Web usage analysis extracts knowledge from a Web server log. The research on data preparation and data mining in this domain already contains many remarkable contributions. It is anticipated, though, that Web usage mining is particularly difficult due to a gap between the advances of human-computer interaction, the practice of Web site organization, and the support offered by Web usage miners in evaluating the quality of a site.

To close this gap, mining should better reflect the knowledge of the designer on Web site usage. This knowledge must be injected in the preparation of the data, in the instructions of the analyst to the miner, and in the interpretation of the results. To the latter task, the analyst and the designer are currently assisted by visualization tools and statistic theory. This must be enhanced by a better understanding of the results by the mining software itself.

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F1 Figure 1. The process of discovering navigation patterns in a site.

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F3-2 Figure 2. Example Web site.

F3-3 Figure 3. One navigation pattern.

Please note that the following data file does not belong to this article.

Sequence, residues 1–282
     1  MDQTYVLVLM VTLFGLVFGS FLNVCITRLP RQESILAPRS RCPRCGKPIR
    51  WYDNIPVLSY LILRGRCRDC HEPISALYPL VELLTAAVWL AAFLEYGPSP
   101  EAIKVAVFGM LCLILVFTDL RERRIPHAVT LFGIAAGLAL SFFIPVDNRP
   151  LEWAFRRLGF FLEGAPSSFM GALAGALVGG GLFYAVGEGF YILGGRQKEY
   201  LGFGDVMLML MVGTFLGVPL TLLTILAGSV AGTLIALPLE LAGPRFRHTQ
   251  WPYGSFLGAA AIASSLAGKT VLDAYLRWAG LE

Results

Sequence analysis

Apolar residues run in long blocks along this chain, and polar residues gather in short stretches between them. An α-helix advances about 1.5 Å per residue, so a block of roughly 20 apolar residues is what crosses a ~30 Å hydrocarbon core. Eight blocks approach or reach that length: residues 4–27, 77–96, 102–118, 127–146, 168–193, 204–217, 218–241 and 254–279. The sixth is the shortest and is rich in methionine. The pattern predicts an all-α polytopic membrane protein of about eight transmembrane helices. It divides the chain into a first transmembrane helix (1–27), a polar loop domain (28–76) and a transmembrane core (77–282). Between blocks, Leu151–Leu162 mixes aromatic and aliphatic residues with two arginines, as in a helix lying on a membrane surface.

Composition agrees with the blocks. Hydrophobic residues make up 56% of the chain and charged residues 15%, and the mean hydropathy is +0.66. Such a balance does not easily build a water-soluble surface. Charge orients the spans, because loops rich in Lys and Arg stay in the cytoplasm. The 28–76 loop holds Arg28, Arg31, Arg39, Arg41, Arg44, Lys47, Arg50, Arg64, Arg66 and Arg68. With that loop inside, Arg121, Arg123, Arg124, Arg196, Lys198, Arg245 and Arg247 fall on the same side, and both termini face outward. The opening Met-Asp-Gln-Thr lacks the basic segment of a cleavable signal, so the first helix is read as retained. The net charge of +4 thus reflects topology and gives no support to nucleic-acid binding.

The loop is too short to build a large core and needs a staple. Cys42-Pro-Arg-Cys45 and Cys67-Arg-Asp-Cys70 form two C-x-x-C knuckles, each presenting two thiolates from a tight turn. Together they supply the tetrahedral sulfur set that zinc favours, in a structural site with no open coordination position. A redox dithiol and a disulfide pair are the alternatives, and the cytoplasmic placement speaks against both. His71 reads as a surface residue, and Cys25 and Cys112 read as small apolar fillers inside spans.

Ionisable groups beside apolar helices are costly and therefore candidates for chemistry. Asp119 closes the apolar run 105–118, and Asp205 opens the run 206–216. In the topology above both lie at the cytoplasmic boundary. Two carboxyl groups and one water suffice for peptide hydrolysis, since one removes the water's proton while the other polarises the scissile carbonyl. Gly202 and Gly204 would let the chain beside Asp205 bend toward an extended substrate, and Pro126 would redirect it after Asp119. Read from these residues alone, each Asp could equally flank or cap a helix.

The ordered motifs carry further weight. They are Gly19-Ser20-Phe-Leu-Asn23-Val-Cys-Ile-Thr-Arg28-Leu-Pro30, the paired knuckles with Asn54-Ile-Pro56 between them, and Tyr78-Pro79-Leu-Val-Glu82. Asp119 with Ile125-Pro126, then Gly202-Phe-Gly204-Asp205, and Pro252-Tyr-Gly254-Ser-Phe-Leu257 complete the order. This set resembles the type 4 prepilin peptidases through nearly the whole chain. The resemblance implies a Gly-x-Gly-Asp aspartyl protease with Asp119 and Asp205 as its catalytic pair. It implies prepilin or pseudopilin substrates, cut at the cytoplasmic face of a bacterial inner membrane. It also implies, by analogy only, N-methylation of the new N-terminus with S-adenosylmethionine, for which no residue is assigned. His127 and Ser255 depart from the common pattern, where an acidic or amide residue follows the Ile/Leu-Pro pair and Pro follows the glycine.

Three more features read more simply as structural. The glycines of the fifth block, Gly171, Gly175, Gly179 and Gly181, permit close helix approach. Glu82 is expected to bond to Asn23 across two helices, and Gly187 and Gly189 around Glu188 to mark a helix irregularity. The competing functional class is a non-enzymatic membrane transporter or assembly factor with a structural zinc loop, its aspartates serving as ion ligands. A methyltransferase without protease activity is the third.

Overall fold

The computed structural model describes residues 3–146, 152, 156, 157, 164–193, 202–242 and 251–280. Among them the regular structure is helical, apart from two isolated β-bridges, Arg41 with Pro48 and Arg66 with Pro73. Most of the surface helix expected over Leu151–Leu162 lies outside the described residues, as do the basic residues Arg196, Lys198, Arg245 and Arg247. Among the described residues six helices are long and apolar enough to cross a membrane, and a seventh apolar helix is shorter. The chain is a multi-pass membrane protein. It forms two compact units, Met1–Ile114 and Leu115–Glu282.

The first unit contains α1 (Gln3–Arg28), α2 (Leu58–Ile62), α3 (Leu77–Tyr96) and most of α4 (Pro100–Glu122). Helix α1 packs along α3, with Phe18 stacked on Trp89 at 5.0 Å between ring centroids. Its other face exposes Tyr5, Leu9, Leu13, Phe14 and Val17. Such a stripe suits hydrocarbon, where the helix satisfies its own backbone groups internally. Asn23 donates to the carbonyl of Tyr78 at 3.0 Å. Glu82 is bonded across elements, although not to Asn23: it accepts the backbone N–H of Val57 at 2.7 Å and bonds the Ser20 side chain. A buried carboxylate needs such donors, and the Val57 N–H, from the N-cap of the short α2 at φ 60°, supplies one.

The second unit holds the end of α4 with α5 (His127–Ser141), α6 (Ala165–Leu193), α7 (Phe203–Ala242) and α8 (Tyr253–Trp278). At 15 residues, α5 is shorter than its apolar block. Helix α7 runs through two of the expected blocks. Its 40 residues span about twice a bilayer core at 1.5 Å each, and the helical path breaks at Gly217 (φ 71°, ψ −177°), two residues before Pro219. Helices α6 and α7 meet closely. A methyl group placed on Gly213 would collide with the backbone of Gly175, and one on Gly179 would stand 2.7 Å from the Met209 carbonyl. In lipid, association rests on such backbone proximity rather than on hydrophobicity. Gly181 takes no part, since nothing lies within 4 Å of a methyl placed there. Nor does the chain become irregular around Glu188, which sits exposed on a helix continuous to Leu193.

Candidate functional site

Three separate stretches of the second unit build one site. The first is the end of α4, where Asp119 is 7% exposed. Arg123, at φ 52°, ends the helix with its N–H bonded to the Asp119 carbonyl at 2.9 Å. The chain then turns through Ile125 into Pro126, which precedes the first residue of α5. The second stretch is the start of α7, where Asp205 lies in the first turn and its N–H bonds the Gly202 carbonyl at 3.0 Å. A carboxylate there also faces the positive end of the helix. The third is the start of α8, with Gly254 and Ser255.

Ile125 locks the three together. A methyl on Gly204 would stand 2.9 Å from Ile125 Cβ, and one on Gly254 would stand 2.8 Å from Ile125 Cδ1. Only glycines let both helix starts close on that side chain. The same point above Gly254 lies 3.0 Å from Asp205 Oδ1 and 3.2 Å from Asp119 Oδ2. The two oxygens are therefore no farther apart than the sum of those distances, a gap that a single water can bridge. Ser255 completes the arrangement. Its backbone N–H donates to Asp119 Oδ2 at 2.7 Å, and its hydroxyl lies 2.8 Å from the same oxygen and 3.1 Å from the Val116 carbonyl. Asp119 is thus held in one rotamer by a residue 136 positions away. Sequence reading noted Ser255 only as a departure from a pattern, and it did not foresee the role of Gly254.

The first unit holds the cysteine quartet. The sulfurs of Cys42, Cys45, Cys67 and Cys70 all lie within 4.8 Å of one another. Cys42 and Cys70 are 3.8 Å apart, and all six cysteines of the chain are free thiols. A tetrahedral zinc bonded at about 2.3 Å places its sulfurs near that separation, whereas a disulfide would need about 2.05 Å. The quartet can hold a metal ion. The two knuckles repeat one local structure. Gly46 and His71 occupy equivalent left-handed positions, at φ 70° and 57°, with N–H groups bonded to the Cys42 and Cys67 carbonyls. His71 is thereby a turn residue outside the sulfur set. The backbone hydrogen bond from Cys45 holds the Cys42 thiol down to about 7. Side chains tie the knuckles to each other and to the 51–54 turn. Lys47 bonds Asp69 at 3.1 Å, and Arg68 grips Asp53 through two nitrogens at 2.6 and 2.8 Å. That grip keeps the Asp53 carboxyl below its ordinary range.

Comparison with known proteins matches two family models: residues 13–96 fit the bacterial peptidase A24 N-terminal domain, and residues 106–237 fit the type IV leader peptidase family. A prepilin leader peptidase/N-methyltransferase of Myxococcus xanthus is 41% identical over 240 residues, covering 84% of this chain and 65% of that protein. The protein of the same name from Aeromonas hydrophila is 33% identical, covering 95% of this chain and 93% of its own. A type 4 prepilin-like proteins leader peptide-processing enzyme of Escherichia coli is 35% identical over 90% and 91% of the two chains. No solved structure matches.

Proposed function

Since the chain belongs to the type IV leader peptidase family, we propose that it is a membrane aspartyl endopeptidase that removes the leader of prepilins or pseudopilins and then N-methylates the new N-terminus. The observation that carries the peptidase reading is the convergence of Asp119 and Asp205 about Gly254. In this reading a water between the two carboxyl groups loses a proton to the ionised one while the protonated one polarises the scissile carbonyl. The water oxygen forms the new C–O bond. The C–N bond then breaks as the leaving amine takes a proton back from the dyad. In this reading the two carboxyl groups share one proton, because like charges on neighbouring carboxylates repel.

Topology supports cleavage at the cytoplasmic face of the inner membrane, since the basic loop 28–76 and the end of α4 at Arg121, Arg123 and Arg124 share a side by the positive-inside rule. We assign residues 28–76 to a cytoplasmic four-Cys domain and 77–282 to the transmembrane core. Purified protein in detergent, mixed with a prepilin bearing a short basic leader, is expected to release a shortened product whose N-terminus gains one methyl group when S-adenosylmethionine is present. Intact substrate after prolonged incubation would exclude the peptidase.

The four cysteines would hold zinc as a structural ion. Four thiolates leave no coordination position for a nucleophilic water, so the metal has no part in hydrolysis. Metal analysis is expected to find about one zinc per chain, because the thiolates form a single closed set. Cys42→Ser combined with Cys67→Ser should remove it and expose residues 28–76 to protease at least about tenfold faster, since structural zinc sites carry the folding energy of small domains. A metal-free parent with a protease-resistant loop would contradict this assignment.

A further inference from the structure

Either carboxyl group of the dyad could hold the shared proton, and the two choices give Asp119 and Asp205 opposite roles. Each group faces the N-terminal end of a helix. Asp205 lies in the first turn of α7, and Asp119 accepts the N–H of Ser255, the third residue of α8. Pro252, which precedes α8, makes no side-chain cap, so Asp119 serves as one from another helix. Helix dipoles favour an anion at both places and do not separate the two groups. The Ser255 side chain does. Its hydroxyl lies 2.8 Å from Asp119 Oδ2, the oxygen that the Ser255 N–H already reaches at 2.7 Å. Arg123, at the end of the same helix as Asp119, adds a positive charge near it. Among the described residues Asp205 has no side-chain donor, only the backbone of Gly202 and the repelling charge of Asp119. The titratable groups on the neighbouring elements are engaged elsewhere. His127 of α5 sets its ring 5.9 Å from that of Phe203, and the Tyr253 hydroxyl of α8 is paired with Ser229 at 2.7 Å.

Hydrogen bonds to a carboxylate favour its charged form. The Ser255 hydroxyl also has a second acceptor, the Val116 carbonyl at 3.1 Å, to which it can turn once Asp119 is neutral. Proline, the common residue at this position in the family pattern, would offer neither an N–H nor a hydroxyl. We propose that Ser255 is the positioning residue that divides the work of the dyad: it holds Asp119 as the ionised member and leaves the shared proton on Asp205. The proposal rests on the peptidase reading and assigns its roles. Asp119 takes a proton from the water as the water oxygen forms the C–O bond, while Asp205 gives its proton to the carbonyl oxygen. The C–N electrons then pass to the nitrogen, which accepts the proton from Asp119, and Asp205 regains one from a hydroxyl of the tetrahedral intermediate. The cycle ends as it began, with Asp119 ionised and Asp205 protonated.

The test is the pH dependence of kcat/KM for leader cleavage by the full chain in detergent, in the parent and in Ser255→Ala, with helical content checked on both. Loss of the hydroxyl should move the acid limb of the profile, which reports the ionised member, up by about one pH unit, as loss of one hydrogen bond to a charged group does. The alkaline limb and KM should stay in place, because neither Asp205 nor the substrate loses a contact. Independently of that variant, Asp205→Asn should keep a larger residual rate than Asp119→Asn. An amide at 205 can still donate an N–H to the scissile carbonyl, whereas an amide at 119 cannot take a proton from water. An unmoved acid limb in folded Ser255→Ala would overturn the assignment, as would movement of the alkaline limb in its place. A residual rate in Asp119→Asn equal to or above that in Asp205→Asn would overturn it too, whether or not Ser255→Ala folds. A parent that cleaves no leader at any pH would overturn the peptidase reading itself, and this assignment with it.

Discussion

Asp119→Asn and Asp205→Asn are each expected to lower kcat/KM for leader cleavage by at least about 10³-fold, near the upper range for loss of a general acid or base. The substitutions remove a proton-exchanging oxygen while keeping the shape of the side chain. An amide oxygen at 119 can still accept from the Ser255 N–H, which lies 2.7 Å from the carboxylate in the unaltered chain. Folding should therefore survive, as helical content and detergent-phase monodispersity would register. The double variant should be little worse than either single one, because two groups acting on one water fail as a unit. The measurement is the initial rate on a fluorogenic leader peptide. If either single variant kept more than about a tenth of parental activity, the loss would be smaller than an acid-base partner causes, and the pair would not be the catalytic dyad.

F3-4 Figure 4. Navigation pattern sequence and tree of roots.

    1. Agrawal, R. and Srikant, R. Mining sequential patterns. In Proceedings of the International Conference on Data Engineering (Taipei, Taiwan, Mar. 1995).

    2. Berendt, B. and Spiliopoulou, M. Analyzing navigation behavior in Web sites integrating multiple information systems. VLDB Journal, Special Issue on Databases and the Web 9, 1 (2000), 56–75.

    3. Berry, M. and Linoff, G. Data Mining Techniques for Marketing, Sales, and Customer Support. Wiley, NY, 1997.

    4. Böchner, M., Baumgarten, M. Anand, S.S., Mulvenna, M.D., and Hughes, J.G. Navigation pattern discovery from Internet data. In WEBKDD'99, San Diego, CA, (August 1999).

    5. Böchner, A.G. and Mulvenna, M.D. Discovering Internet marketing intelligence through online analytical Web usage mining. ACM SIGMOD Record (Dec. 1998), 54–61.

    6. Cooley, R., Mobasher, B., and Srivastava, J. Data preparation for mining World Wide Web browsing patterns. Journal of Knowledge and Information Systems 1, 1 (1999).